News for the Hospitality Executive
Production Benchmarks for Your Hotel’s Website
By: Neil Salerno. August 2010
After performing literally hundreds of website analyses, it amazes me how many hotel websites are either totally or partially dysfunctional. There are so many sites which are not in-step with even basic search engine requirements; sites with poorly written text content; inadequate navigation; and sites which are not designed to sell rooms or anything else for that matter.
If more website designers were held responsible for the production of the sites they design, our industry would have much better online results. The goal should be to develop a collaborative relationship with your site’s designer for the revenue production of your site.
Benchmark – Monthly Reservations
If your site is producing only a few online reservations each month, stop consoling yourself by believing that people are visiting your site, but calling your 800 number to make a reservation. Let me say right now that I don’t buy that old webmaster pretext. It’s a lame excuse why your site is not producing more reservations. Don’t kid yourself; until your bank accepts the number of site visitors for a deposit, you need online reservations.
Many unschooled web designers, as well as some owners and managers, think that a website is simply an online brochure and, therefore, they design the site that way. As long as it has pretty pictures and cool moving stuff, it should be fine. This is smoke and mirrors; a hotel website should be designed to induce your site’s visitors to make reservations online; your site is a selling piece.
Among the many reasons why you need a functional “selling” website, is that a properly designed web site will generate reservations online, relieving your busy front desk. It’s a means of tapping into the online travel market, and reduces a hotel’s overall cost of reservations sales.
Sure, some site visitors will shop and compare hotels on the Internet, then call to make a reservation. That will always be true. But, the fact is that the number of people making reservations online is growing exponentially; the new breed of travelers is Internet focused and wants to complete their transaction online. Plain and simple, if you’re not getting at least 30% (50% for independent hotels) of all your reservations directly from your site, it’s time to fix it.
Benchmark – “Look to Book” Ratio
Take a close look at the number of people who visit your site as compared to the number who make a reservation; this is your site’s look-to-book ratio. Your webmaster can provide this data to you. Stop accepting the number of unique visitors, alone, as a measure of the success of your site. If your site is not “converting” at least 5% to 7% of visitors into reservations, something is not working properly.
Many web designers only know how to make a site look pretty and don’t have a clue as to what elements are needed to sell rooms. You should not judge your site by how cool it looks. Excessive flash content on a hotel site is still evil. I see hotel sites with poor sales text content and with navigation that is so poor that it totally confuses their sales message, but the sites sure look nice; as if “looks” means that much.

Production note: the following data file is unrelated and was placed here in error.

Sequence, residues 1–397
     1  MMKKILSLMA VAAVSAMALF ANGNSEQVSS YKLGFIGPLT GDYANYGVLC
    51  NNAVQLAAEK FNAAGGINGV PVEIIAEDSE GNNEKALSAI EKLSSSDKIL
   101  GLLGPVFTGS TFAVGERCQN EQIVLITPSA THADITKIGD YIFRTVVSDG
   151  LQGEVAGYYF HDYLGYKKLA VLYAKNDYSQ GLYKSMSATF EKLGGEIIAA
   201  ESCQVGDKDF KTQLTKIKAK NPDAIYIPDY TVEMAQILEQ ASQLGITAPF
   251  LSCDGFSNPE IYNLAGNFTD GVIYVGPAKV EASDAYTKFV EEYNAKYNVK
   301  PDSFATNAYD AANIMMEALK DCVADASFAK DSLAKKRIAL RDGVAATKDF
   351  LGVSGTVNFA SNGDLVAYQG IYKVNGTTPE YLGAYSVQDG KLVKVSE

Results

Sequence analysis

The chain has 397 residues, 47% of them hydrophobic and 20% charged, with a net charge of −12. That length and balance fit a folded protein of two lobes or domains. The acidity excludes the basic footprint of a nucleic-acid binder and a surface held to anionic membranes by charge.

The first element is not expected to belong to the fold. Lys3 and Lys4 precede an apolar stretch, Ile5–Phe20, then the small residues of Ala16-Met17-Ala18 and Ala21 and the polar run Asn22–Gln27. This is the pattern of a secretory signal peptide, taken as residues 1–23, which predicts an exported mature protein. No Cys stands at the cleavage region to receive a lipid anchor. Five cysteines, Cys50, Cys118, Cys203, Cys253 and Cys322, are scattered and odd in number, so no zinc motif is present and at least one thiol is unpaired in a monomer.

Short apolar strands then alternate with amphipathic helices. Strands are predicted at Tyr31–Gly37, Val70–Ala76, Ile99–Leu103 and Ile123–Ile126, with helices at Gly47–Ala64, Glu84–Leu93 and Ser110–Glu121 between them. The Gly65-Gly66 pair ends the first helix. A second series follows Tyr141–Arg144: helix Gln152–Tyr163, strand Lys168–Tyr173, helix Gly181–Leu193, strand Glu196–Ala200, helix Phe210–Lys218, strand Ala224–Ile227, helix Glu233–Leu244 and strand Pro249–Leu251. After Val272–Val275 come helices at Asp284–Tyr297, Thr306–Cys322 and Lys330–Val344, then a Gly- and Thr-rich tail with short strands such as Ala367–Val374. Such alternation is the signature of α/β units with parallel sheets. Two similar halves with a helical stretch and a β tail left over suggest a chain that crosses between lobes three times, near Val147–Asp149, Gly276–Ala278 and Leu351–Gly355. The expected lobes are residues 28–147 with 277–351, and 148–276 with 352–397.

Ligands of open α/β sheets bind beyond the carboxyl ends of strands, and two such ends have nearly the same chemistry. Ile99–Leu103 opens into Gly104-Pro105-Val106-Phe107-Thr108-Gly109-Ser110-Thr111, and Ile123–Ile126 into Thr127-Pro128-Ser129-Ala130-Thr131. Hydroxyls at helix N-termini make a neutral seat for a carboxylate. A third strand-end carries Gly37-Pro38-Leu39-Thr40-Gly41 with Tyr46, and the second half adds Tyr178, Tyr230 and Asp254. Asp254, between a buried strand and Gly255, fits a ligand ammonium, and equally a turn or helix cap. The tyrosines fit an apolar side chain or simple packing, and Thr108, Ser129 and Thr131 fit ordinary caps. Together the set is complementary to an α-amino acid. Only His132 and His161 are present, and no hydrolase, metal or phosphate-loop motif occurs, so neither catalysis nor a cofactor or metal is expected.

Benchmark –Technical Design
There are many sites with poorly selected Meta Tags or with none at all. Meta tags describe the content of your site, and establish keyword/phrases for search engines. Keyword/phrases are then reinforced within the text of your web site; all key words/phrases should be carefully researched. Keywords and phrases will determine which search results will be displayed.
There are also many sites with no apparent link strategy to boost the site’s popularity; backward links can improve visibility substantially. Instead of selecting a designer by how attractive they can make a site, seek a designer who can make your site technically sound. Don’t judge the designer by the size of their company; some very expensive site designs are ineffective too. If the designer has no hotel sales experience, choose one that does.
Benchmark – Search Engine Optimization & Link Development
If your site is not performing well, stay far away from anyone who’s first suggestion is that search engine optimization (SEO) is the answer; chances are that your site’s design is the real problem. Sending more visitors to a dysfunctional web site, that doesn’t have the right sales information, will not solve your problem. How many “relevant” visitors are visiting your site?
Your first step should be to have someone perform a detailed page-by-page analysis of your site to find the problems. This will help you determine how much tweaking your site needs. There are many criteria which determine the functionality of your web site. Your site’s design should conform to search engine and hotel sales requirements.
Benchmark – Overall Design
If your site has a poor search engine ranking, it could be because of
all those cool morphing photos and all those “moving” things you love.
The scary thing is that many new website designers are using flash elements
because they look cool, but too much flash will doom your site to failure.
It’s simple; search engines cannot “see” flash or graphics of any kind.
They only read text; if your text is poorly written, it simply won’t sell
It is truly a shame that many owners and managers don’t see past the
“look” of their site. The functionality of your website goes far beyond
how your site looks. We’re not talking rocket science, here. You can have
both a great looking site that works well and one that generates reservations;
It deserves your time and attention.
|Also See:||Hotel Web Site Lookers & Bookers; Want to Convert Lookers on Your Web Site? / Neil Salerno / March 2006|
|Production Benchmarks for Your Hotel’s Web Site / Neil Salerno / August 2006|